National Ladder Safety Month: Stats and Trends

Welcome to week 2 of National Ladder Safety Month. This week, we’ll be getting into the weeds behind ladder accidents: where they happen, why they happen, and how they happen. If we’ve learned anything from rigorous product beta testing, it’s that understanding the problem is the first step to finding solutions.

 

Top Ten, Baby . . . Wait.

On the Occupational Safety and Health Administration’s (OSHA) “Top 10 Most Frequently Cited Standards Violations list, ladder-specific citations take spot number five. Seeing as the first and eighth spots have to do with fall protection, the ladder industry has a pretty serious monopoly on that list. According to the CDC, 81% of fall injuries in the United States involve a ladder. Not good.

Every day in the US, 2000 people are injured on a ladder.

And that’s only the beginning. The CDC also reports that the estimated annual cost of ladder injuries in the US is $24 billion, including work loss, medical, pain and suffering, legal and liability expenses. That’s over 20 times more cash than the ladder industry’s total yearly revenue. If that were aerospace, nobody would step on a plane again.

Accident rates haven’t gotten much better in the last few years. According to the International Association of Certified Home Inspectors (InterNACHI), over the past decade, the number of people who have died from ladder falls has tripled, with the United States leading the world in ladder deaths.

 

Looking at the Data from Six Feet Up

So how does this rather depressing look at one of the most dangerous household and jobsite tools in the world help us?

The answer is that we’re learning where, why, and how ladder accidents are happening, which means we can better target our training and product design.

For example, a 2007 study in the American Journal of Preventive Medicine detailed the demographics and treatment of reported ladder accidents over the course of a 15-year period. Interestingly, 97.3 percent of those accidents occurred in “non-occupational settings, such as homes or farms.”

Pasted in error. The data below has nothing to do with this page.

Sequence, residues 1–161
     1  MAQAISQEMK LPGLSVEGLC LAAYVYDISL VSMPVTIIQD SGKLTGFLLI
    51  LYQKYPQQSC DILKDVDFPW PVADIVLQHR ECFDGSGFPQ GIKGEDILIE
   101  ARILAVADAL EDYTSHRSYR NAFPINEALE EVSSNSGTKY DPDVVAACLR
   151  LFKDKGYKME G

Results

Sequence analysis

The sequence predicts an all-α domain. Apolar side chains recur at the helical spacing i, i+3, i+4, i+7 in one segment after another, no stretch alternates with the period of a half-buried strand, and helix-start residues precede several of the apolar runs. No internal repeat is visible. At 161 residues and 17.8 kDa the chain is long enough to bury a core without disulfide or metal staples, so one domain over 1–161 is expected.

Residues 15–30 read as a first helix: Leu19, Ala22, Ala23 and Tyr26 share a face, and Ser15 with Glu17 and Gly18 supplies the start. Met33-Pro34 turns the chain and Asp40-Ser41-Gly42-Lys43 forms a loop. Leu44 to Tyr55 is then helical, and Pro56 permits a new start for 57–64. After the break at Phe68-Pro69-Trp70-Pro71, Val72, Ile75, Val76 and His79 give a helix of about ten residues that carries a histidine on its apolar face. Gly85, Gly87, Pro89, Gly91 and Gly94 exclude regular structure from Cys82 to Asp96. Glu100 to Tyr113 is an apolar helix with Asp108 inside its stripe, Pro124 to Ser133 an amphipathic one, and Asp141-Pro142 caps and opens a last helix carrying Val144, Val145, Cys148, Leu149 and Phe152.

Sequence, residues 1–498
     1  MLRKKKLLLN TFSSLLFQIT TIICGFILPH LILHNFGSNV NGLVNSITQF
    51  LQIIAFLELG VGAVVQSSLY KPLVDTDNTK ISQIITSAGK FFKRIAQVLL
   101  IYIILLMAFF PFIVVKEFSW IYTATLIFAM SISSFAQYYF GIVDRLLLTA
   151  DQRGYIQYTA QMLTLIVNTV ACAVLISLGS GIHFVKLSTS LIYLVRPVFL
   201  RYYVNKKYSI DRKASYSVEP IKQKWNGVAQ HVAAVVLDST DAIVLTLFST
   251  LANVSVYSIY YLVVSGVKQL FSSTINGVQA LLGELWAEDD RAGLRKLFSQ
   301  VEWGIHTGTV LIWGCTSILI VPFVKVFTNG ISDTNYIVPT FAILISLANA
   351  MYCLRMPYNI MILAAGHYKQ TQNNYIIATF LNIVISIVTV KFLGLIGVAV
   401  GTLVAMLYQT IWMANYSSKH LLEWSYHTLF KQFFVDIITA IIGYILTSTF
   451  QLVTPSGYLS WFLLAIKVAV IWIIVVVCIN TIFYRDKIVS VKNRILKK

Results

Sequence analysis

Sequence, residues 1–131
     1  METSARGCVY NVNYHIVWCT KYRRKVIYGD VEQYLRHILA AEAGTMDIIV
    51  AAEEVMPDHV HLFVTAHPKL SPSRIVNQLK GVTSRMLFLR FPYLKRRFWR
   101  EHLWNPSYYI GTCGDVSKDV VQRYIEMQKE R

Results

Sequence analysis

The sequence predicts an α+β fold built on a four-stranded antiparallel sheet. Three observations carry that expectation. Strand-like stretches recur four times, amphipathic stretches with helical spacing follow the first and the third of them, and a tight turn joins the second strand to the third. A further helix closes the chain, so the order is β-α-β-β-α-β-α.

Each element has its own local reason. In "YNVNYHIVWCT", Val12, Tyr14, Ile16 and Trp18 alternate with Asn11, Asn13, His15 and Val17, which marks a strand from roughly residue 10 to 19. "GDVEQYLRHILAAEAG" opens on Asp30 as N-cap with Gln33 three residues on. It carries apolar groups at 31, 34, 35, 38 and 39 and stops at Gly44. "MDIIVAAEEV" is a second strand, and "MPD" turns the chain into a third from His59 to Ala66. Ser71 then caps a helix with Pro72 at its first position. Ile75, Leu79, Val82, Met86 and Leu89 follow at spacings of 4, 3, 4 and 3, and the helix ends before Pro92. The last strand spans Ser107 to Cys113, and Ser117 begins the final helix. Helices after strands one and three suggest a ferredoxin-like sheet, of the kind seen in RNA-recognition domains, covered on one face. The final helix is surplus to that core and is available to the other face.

Preventive Medicine Chart

 

The 2020 American Ladder Institute (ALI) report showcases a variety of on-site incidents, but identifies a commonality between most reported accidents: 62% were carrying materials while climbing, compromising their three points of contact.

ALI Accident Method Graph

In a Harvard School of Public Health study that surveyed 254 ladder fall victims across 65 US hospitals, ignoring cases where the ladder moved due to improper setup, the most common mechanism leading to a ladder fall was a “Foot Miss / Slip.” Additionally, a study from the CDC recorded fall height across ladder fall injuries from 2004 to 2014, finding that 50% of non-fatal injuries occurred below 10 feet.

 

Harvard School of Public Health Graph

 

And these are just a few case studies from a massive amount of data detailing ladder accidents over the last 30 years.

 

Turning Charts into Rungs

You might be wondering: how does this information convert into actionable training and design choices?

Well, let’s take a look at what we’ve learned from the studies above:

  1. A majority of preventable accidents occur not on the job site, but when homeowners break out their inherited, 30-year-old ladder for a quick roof project.
  2. Users are commonly carrying other tools while climbing, making them less likely to have three points of contact with the ladder.
  3. Side tip is much less common than missing a rung, and ladder falls resulting in injuries often occur at much lower heights than expected.

Then, lets consider the implications on training and design:

  1. Our broadcasting and training materials should target the homeowner as well as the industrial worker.
  2. Ladders need easily accessible slots, holsters and locks for trade tools and other on-the-job equipment.
  3. Ridged or otherwise non-slip steps are crucial to ladder safety, as well as knowing how many rungs you have left before transitioning to the ground.

If you’d like to see how Little Giant has begun implementing these solutions, join us for week 3 of Ladder Safety Month. We’ll be taking an in-depth look at how Little Giant’s innovative product design is tackling these accident numbers head on.

 

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2022 National Ladder Safety Month:

 

Additional Resources:

 

For more information contact: 

Dain Knudson, Public Relations and Ambassador Program Manager

Email: dain@ladders.com